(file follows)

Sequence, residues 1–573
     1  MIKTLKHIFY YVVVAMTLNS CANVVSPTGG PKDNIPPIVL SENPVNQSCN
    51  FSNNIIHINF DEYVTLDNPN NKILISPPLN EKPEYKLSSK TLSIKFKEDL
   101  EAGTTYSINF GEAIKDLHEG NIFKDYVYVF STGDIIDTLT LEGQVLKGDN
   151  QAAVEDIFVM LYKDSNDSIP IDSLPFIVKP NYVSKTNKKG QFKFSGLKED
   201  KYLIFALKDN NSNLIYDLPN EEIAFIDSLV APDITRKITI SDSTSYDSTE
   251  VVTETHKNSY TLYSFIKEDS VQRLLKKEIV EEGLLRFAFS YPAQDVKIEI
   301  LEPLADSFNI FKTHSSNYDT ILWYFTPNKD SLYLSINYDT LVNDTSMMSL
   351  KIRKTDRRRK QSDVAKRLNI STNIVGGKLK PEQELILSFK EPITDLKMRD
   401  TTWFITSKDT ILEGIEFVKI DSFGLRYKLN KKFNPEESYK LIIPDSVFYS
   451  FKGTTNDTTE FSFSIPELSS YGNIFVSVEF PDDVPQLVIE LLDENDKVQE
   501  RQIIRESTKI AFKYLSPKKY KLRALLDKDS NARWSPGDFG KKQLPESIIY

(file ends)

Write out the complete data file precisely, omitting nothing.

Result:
Sequence, residues 1–573
     1  MIKTLKHIFY YVVVAMTLNS CANVVSPTGG PKDNIPPIVL SENPVNQSCN
    51  FSNNIIHINF DEYVTLDNPN NKILISPPLN EKPEYKLSSK TLSIKFKEDL
   101  EAGTTYSINF GEAIKDLHEG NIFKDYVYVF STGDIIDTLT LEGQVLKGDN
   151  QAAVEDIFVM LYKDSNDSIP IDSLPFIVKP NYVSKTNKKG QFKFSGLKED
   201  KYLIFALKDN NSNLIYDLPN EEIAFIDSLV APDITRKITI SDSTSYDSTE
   251  VVTETHKNSY TLYSFIKEDS VQRLLKKEIV EEGLLRFAFS YPAQDVKIEI
   301  LEPLADSFNI FKTHSSNYDT ILWYFTPNKD SLYLSINYDT LVNDTSMMSL
   351  KIRKTDRRRK QSDVAKRLNI STNIVGGKLK PEQELILSFK EPITDLKMRD
   401  TTWFITSKDT ILEGIEFVKI DSFGLRYKLN KKFNPEESYK LIIPDSVFYS
   451  FKGTTNDTTE FSFSIPELSS YGNIFVSVEF PDDVPQLVIE LLDENDKVQE
   501  RQIIRESTKI AFKYLSPKKY KLRALLDKDS NARWSPGDFG KKQLPESIIY